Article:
The first pass of this article on MacWEEK had a few mistakes and ambiguities in it. So this is an edited and revised version of that Article.
Many people are wondering about RDRAM. What is it? What does it mean? Will Mac users need it? What will it do?
A few years back a company (Rambus) created a new way to work interface with memory. It was fairly fast, and tried to address some of the complex electrical and physical problems in dealing with memory. They created a proprietary solution that solves some of the problems, and they decided they would license the solution, and charge a "use tax" in order to pay for their R&D.
RDRAM stands for a Rambus Dynamic Random-Access Memory.
That is not an reasonable business model or anything, but it is a bit more a closed solution than some models. Intel historically likes the idea of proprietary solutions and controlling the industry -- and especially likes the idea of a usage tax (licensing fee) for all memory. So Intel bought into Rambus (with some control and kickbacks likely negotiated though the full deal is not disclosed) -- and pushed for some protocol changes. In return, Intel started pushing RDRAM as the future of Intel based processors and memory systems, and hopefully the future for all computers.
If RDRAM wins, and becomes popular, then Intels investment in Rambus pays off. Either way, Intel has a vested interest in changing things on a regular basis, since this makes it hard for clone chip makers (of processors or memory controllers) to keep up. The change doesn't have to be for the better for this to work -- but it helps.
Pentiums (and their future IA64 chips like the Itamium -- the processor formerly known as Merced) memory controllers will be using RDRAM -- so RDRAM is going to be popular. The only question is how popular. Can Intel drive the market this far? They have failed at some efforts like this in the past -- so they may this time as well.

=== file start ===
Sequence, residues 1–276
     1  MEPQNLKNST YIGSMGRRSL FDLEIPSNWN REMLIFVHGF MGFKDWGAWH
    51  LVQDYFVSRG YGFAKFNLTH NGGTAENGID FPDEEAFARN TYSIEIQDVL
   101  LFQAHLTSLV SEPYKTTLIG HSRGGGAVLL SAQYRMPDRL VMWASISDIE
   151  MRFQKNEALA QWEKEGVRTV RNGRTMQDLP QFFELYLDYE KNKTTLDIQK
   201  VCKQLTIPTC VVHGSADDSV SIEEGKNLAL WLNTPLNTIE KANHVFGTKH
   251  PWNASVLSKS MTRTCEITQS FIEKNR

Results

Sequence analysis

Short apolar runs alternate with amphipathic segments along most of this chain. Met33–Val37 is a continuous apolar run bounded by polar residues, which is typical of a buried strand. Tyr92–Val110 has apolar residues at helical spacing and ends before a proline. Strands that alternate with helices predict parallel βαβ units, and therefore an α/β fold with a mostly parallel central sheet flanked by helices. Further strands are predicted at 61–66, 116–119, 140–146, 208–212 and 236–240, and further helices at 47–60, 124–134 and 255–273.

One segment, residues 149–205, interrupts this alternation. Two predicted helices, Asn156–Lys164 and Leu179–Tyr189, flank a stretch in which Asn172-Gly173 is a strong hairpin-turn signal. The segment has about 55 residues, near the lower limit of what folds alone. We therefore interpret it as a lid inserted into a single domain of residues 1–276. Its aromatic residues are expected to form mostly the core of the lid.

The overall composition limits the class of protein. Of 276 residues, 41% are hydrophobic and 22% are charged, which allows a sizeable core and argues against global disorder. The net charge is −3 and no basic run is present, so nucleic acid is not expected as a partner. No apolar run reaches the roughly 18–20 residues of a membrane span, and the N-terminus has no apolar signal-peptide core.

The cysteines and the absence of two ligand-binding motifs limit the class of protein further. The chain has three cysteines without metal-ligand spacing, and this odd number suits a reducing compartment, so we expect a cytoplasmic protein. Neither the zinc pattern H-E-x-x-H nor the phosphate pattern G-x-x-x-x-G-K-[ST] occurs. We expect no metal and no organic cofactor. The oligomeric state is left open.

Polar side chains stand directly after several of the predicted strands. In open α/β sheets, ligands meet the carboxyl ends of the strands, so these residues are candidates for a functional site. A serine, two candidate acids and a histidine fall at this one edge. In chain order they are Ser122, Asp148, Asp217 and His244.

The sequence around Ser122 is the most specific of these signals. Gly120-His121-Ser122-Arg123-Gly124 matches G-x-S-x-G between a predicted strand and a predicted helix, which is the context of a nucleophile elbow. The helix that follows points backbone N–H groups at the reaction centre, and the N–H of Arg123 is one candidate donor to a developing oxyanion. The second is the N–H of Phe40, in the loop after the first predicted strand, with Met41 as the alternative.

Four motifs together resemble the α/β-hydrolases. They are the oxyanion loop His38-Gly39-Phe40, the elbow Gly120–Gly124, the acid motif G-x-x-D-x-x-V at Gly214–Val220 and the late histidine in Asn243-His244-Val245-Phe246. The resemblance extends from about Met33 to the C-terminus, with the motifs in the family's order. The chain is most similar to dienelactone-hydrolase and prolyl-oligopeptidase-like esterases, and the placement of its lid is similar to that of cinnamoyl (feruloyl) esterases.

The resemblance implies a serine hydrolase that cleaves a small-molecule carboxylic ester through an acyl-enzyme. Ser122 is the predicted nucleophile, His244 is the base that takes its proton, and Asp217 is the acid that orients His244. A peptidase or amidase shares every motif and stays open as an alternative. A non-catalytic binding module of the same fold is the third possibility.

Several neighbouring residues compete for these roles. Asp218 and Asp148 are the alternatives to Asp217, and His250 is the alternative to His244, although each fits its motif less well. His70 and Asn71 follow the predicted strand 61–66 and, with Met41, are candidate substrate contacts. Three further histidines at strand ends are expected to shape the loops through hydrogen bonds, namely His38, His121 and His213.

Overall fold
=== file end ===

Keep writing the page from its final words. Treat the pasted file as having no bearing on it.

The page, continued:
Needless to say, the memory industry at large isn't very enthused on just quietly paying their graft to RAMBUS. And there are some changes and costs for doing so -- though these will diminish over time. But the industry is not stupid -- they are willing to support RDRAM as an "also" solution, in order to cover their bases (just in case). But most of the industry has teamed up to support other memory standards that are at least as good of solutions (or better, at least short term). The common alternative to RDRAM is DDR.
How these all work
RDRAM is a way to go from using a slower speed, but wider bus -- to a narrower, higher speed, packeted memory network. RDRAM is a very fast bus -- up to 800 MHz. This sounds blindingly fast to tech-heads since current memory (like SDRAM) is only running at 100 MHz. But as we should know with processors, MHz is not pure speed -- just potential.
Intel and RAMBUS's literature love to stress the speed (MHz) of SDRAM chips versus RAMBUS -- assuming they are both the same width. But that isn't the case. RAMBUS is only 16 bits wide (or 18 if you have error correction) -- traditional busses are 64 bits wide (for now) which is 4 times wider. Intel makes it sound like RDRAM is much faster (MHz) but the truth is that because normal busses are 4 times wider to begin with, then RDRAM has to be about 4 times faster in MHz just to break even. So while RDRAM sounds much faster -- it is really not much faster than other memory solutions, and may in fact be slower.
RDRAM is starting at 4 times fasterin MHz (800) -- but they have plans to go to 1600 and maybe faster. But SDRAM isn't staying the same. Regular memory is going to 133 MHz soon, and probably 166 MHz in another year (and 200 MHz after that). And even more dramatic is that SDRAM is going to a new technology as well -- knows as DDR-SDRAM. DDR stands for Double-Data-Rate. DDR-SDRAM will be roughly twice as fast as regular SDRAM (double the data rate) at the same clock speed.
How DDR doubles the data-rate is that when the clock edge rises, it sends data, and when the clock edge falls, it sends again. Normal memory only sends at half that rate. So 133 MHz DDR is really running effectively at 266 MHz. So that makes DDR much faster than its clock rate. This is also how RDRAM works -- which isn't really 800 MHz, but is 400 MHz double-clocked.
Why send only 64 bits at a time? IBM already uses up to a 256 bit bus on some of their high end versions of the PowerPC (Power3 and Power4), and the G4 has 128 bit bus (internal) with some designs going 128 bit external. Motorola and IBM are already talking about future versions of the PowerPC going even wider (256 bits internal, annd possibly external). If you double or quadruple the data width, then you increase the data-speed (throughput) by the same amount as well.
So how do they stack up? Roughly as follows:
This all uses pretty rough approximations. Exact performance is far more complex. But the point is that DDR-SDRAM has the potential to do speeds that are faster than RDRAM for now, and they can do it easier (with fewer design changes).